After a long day at work or school, it’s normal to feel tired and worn out. It’s even common for that feeling to carry over to the weekend and last for several days too. However, if you’re feeling persistently exhausted to the point where it’s interfering with your daily life, this might be a sign that something else is wrong. From depression to dehydration, there are plenty of reasons that explain your constant fatigue, and most of them are easy to remedy. The following are just some common reasons that might explain why you feel tired all the time and what you can do about it:
Chronic Fatigue Syndrome
Chronic fatigue syndrome, also known as myalgic encephalomyelitis, is a feeling of fatigue that persists for at least four months and impairs your ability to carry out daily activities. This feeling doesn’t improve with rest and is exacerbated when you exert yourself physically or mentally. You might also feel pain in your joints or muscles. Chronic fatigue treatment can help alleviate symptoms and teach you how to manage your condition so you can return to your previous daily routine.
Depression is a mood disorder characterized by persistent sadness, fatigue, and loss of interest in daily activities. When you have depression, your brain is robbed of essential chemicals that help it perform efficiently, such as serotonin. This drastically decreases your energy levels and may disrupt your sleeping patterns. You most likely feel sad, sluggish, empty, and unmotivated. It’s important to speak with a mental health specialist who can prescribe the best form of treatment for you. This may include a combination of therapy, lifestyle changes, and medication.
An underactive thyroid can cause excessive fatigue, weight gain, and even depressive symptoms. This disease is common, especially among women, which makes it quite manageable. You can find out if you have hypothyroidism by getting a blood test to see if your thyroid is producing enough thyroid hormones. Your physician will recommend medication to stabilize your hormone levels depending on your results.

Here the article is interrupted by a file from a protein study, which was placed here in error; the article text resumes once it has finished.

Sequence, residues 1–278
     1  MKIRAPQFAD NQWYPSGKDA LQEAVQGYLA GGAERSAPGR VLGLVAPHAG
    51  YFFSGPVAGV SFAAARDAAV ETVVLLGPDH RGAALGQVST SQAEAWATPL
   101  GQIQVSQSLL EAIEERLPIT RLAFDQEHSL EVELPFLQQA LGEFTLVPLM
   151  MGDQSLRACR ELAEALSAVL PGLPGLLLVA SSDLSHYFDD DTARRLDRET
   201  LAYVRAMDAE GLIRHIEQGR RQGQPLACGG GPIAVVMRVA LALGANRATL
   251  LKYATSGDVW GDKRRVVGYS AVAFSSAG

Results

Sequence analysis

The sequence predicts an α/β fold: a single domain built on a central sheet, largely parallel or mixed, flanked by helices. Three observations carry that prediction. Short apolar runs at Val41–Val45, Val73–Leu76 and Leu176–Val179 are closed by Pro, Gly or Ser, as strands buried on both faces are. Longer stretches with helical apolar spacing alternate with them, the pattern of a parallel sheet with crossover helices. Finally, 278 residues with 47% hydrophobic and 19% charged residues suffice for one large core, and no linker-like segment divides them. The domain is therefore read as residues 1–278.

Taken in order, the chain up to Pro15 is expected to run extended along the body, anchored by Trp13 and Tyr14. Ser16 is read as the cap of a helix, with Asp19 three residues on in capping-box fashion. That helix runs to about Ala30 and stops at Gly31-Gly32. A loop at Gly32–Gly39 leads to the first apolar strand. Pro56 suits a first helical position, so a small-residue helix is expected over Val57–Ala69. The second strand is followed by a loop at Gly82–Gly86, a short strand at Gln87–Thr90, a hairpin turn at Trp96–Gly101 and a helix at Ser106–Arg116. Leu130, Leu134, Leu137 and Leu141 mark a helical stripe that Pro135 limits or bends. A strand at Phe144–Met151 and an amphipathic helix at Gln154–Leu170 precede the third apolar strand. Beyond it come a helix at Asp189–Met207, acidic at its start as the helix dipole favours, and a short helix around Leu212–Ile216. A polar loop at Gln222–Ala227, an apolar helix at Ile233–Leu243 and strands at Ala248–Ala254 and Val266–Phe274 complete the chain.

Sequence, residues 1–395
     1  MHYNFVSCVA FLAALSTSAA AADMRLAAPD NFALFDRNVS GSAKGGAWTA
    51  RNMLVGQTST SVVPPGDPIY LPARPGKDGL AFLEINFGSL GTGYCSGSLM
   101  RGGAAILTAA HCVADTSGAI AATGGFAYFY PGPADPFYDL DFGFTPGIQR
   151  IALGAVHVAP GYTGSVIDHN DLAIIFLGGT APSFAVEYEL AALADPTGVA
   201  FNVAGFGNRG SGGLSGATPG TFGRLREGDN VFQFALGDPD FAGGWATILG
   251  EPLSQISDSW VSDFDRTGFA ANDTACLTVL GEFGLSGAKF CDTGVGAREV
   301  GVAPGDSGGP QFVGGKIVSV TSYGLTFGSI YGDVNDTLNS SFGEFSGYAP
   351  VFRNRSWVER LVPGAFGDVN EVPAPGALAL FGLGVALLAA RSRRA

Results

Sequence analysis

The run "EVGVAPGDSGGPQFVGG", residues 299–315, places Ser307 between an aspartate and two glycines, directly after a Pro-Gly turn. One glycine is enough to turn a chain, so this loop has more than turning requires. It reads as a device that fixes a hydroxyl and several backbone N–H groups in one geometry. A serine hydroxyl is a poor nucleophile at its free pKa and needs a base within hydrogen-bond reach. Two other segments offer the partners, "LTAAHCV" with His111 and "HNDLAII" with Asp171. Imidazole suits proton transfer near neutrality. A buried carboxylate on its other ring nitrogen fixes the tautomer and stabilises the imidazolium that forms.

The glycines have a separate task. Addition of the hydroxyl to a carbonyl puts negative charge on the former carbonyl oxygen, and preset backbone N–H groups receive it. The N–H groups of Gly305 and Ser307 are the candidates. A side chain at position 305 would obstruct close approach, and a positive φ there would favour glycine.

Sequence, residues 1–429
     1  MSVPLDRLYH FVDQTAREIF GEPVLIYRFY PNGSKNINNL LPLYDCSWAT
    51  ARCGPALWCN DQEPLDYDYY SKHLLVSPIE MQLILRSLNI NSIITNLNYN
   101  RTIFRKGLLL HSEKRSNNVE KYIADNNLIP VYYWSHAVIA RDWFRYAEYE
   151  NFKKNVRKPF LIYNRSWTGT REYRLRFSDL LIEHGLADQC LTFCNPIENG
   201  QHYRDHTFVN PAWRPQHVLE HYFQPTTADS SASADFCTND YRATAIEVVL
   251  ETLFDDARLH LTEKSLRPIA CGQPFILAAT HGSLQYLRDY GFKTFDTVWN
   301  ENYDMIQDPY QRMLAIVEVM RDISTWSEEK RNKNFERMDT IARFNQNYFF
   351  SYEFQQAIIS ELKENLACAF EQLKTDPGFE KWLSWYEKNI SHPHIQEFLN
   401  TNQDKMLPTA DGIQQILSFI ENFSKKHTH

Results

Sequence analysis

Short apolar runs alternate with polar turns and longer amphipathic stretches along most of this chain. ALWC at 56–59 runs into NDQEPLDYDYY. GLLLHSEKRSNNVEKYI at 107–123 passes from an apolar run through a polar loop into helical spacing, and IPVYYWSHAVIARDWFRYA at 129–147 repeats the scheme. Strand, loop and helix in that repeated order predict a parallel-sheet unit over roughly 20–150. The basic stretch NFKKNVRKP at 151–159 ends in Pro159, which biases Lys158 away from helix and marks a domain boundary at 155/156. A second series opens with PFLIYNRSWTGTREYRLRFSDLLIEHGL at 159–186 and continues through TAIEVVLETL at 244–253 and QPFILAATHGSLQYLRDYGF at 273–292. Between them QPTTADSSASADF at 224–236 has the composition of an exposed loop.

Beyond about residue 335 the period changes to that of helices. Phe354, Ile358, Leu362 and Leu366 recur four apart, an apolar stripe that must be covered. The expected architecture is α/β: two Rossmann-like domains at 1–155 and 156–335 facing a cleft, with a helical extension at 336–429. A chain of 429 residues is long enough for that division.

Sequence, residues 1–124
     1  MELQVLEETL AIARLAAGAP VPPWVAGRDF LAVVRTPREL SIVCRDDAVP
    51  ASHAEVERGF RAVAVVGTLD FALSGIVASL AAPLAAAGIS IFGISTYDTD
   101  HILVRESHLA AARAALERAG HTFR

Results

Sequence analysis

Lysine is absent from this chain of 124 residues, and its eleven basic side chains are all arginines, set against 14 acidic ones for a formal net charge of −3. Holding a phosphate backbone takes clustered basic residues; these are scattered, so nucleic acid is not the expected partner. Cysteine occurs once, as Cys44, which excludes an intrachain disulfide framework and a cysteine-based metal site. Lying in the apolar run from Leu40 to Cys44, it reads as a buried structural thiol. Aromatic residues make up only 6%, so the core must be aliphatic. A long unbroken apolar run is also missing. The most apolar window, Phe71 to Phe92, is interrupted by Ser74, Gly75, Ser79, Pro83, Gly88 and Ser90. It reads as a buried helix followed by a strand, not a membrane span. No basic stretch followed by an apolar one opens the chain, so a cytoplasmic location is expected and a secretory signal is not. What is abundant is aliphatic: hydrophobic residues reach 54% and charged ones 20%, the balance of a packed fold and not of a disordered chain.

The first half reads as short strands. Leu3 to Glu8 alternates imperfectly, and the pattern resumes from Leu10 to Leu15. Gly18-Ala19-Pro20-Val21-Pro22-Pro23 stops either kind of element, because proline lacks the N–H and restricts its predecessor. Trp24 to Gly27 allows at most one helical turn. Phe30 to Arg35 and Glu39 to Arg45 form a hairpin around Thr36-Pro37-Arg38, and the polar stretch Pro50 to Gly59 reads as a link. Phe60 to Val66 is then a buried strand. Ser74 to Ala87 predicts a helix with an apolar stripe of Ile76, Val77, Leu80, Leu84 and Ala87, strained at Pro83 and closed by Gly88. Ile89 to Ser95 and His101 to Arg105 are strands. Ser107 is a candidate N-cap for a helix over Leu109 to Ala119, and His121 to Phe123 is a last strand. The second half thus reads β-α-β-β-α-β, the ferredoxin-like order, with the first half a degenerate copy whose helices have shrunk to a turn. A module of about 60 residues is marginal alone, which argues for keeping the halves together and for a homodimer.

You might think that dehydration only happens when you haven’t consumed any liquids for days. However, you don’t need to be severely dehydrated to experience the fatigue that comes with being inadequately hydrated. It’s recommended that you consume at least eight 237ml or 8oz glasses of water a day or more depending on your age, level of activity, and weight.
You might think it’s counterintuitive, but low energy can sometimes be linked to extreme inactivity. Prolonged inactivity leads to a higher heart rate and low oxygen levels. This causes your heart and body to work harder even if you aren’t doing anything strenuous. Staying active and mobile can help build your endurance and strength so you can accomplish more things without exhausting yourself. Exercise can also boost your mood and dopamine levels which can increase your energy levels.
Eating processed food and refined sugar
Refined sugar and carbs can give you a jolt of energy which causes a quick rise in your blood sugar. This spike can leave you feeling exhausted and result in a massive “crash.” You should replace any sugary and highly processed food with healthy and natural sources of energy such as vegetables, fruits, lean meat, fiber, and healthy fats.
The sooner you figure out what’s causing your persistent feelings of tiredness, the sooner you can treat it. Don’t let fatigue keep you from living a fulfilled life.